DOI: 10.12809/hkmj166086
© Hong Kong Academy of Medicine. CC BY-NC-ND 4.0
Management of an incidental finding of right internal jugular vein agenesis
Vincent KF Kong, FANZCA, FHKAM (Anaesthesiology); CJ Jian, MB, BS; R Ji, MS, MB, BS; Michael G Irwin, MD, FHKAM (Anaesthesiology)
Department of Anaesthesia, HKU-Shenzhen Hospital, 1 Haiyuan Road, Futian District, Shenzhen, China
Corresponding author: Dr Vincent KF Kong (
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Case report
A 43-year-old woman was referred to the University of Hong Kong–Shenzhen Hospital in August 2016 with a 10-year history of hepatolithiasis. Computed tomography (CT) of the abdomen demonstrated multiple stones in the right posterior portion of the liver, the common biliary duct, and the gallbladder. Dilatation and inflammation of both intra- and extra-hepatic ducts were apparent and an elective right hepatectomy along with a Roux-en-Y hepaticojejunostomy was arranged. Preoperative physical examination was normal apart from hypertension (168/105 mm Hg). Laboratory tests revealed a microcytic, hypochromic anaemia (haemoglobin, 97 g/L), hyperuricaemia, and mildly elevated alkaline phosphatase. Liver/renal function, clotting profile, chest X-ray, and electrocardiogram were all normal. General anaesthesia was induced intravenously with propofol and remifentanil using a target-controlled infusion (Marsh model) under the guidance of the Bispectral Index monitoring system (Covidien, Boulder [CO], US). Tracheal intubation was performed following administration of rocuronium and anaesthesia maintained intravenously with intermittent positive pressure ventilation in oxygen and air. The patient was positioned for right internal jugular vein (IJV) cannulation.
Pre-insertion sonographic evaluation of the right cervical region (SonoSite M-Turbo, Bothell [WA], US) using a linear, high-frequency transducer (HFL38, 6-13 MHz) revealed only a single pulsatile vessel that was non-compressible and suggestive of the right carotid artery. The characteristic pulsatile blood flow was confirmed by Doppler. There was no evidence of the right IJV despite repositioning of the patient’s head, use of minimal pressure on the probe with colour flow mapping, and the application of Valsalva manoeuvre. Ultrasonography of the left side showed normal anatomy with good size of IJV. Following a brief discussion, the consultant anaesthetist and the surgeon decided to proceed with surgery without a central venous catheter. At the end of liver resection, the patient began to develop hypotension that was marginally responsive to fluid resuscitation and moderate-dose phenylephrine infusion through the large-bore peripheral lines. The operation lasted approximately 5 hours with a total blood loss of 350 mL. Tracheal intubation was continued postoperatively and the patient was transferred to the intensive care unit (ICU). Central venous cannulation was not attempted by ICU physicians and the patient was extubated on postoperative day 1 and discharged from the ICU on postoperative day 4. The patient was followed up by the attending and consultant anaesthetists after surgery. The incidental finding of her neck condition was explained and she agreed to undergo further investigations for a possible vascular anomaly.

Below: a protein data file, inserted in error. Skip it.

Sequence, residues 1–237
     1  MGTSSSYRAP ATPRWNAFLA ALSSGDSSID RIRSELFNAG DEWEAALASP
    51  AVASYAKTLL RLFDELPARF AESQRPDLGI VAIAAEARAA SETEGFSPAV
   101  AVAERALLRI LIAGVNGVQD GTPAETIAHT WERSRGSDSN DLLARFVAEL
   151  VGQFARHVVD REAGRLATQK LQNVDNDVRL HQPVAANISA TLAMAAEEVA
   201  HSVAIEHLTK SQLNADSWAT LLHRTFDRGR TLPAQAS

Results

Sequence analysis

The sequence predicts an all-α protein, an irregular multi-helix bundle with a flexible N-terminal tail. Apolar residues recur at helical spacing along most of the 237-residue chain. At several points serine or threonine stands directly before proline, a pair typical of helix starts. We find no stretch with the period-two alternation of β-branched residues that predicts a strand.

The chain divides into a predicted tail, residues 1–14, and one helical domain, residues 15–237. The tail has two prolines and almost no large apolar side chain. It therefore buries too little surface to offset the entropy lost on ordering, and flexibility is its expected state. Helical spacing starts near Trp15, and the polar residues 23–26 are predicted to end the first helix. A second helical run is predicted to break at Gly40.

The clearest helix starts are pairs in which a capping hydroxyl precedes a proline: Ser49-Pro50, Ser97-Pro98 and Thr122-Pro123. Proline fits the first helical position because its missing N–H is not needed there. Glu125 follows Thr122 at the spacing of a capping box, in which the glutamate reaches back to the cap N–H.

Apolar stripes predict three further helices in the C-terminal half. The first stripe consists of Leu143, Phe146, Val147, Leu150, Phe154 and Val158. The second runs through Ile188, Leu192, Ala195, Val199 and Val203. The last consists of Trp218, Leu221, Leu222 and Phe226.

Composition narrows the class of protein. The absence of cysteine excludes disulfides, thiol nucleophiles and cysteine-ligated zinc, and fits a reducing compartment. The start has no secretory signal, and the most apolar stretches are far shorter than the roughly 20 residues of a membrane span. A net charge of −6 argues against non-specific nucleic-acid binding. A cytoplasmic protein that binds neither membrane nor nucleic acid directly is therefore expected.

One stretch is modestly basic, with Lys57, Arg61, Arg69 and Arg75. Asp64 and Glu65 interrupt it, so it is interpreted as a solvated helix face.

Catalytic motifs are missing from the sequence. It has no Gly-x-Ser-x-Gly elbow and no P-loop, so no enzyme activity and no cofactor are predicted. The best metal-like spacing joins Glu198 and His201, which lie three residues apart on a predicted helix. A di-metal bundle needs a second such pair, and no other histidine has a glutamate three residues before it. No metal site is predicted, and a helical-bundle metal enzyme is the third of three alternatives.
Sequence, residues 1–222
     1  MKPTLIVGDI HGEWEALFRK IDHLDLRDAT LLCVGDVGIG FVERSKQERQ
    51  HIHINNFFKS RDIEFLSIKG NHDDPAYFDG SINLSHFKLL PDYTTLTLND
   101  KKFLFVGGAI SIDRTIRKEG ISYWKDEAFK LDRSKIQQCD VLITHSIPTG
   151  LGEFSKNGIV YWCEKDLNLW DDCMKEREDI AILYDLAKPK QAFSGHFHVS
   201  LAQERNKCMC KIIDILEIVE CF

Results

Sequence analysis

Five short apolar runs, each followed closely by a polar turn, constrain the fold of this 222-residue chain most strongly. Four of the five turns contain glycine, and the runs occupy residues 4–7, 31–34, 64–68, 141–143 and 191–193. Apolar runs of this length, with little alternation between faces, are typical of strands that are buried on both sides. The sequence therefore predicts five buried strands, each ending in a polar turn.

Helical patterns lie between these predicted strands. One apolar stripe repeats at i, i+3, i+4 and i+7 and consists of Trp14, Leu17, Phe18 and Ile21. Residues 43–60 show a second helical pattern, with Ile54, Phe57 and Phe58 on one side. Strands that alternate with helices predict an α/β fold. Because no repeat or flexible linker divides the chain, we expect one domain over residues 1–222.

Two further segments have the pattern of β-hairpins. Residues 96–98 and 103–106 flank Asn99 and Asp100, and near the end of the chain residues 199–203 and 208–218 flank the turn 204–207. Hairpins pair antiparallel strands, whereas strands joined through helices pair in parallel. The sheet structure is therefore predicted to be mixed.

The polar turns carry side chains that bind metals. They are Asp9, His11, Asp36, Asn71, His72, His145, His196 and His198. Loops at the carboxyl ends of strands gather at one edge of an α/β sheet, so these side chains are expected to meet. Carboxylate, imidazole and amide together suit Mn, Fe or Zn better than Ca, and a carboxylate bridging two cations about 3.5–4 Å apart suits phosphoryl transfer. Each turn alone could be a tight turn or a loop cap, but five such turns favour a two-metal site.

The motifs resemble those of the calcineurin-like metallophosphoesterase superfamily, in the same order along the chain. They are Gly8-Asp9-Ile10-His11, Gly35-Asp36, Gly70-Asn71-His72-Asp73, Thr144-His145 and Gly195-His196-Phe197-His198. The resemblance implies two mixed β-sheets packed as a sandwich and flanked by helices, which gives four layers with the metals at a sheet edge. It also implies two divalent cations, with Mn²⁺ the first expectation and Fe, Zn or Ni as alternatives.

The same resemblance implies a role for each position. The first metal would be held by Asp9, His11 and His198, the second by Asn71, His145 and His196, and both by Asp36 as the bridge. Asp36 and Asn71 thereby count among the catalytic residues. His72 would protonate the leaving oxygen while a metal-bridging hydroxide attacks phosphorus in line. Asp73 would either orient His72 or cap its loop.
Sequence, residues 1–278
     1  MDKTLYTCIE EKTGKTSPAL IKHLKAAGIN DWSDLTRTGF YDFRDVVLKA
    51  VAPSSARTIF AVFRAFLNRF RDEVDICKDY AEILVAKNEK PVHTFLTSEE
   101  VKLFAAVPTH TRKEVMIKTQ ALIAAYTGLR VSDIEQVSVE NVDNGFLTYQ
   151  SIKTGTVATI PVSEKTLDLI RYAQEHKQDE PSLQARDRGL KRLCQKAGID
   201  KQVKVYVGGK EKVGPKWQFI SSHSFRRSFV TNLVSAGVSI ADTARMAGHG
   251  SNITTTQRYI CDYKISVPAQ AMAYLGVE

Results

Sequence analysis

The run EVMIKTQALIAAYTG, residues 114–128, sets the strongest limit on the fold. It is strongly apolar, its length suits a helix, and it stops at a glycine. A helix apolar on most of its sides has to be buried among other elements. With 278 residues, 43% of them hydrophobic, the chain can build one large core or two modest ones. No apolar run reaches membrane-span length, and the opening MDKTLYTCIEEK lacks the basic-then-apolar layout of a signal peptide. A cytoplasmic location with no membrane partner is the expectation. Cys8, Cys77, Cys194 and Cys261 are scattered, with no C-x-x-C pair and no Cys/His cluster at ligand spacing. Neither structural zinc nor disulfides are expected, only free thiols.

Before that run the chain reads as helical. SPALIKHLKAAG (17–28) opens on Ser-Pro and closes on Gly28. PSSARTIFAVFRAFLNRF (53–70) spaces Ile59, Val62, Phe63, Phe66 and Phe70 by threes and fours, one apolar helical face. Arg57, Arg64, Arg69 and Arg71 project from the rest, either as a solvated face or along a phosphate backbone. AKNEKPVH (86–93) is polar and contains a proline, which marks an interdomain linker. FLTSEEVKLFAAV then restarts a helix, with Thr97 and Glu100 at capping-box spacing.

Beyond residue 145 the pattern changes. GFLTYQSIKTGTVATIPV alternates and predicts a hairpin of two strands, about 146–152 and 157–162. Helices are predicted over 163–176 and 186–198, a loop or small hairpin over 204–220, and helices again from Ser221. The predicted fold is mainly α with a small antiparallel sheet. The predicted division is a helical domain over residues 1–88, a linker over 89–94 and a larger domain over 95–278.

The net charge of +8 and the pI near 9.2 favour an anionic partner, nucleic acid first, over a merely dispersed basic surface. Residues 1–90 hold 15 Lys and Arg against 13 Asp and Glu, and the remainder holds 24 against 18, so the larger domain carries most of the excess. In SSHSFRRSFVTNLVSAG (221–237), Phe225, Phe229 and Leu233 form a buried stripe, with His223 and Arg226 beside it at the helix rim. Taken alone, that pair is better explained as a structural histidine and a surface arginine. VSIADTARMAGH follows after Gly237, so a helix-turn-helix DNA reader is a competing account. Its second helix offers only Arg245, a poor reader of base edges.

Ultrasonography (iU Elite model with a L12-5 transducer; Philips Medical System, Bothell [WA], US) of the neck by a radiologist on postoperative day 5 confirmed the absence of thrombosis and the right IJV. The left IJV was normal (diameter, 15-19 mm). Multisection CT angiography of the head and neck region revealed agenesis of the right IJV (Fig). There was no other vascular anomaly in the head and neck region. The patient was discharged from hospital on day 11 postoperatively.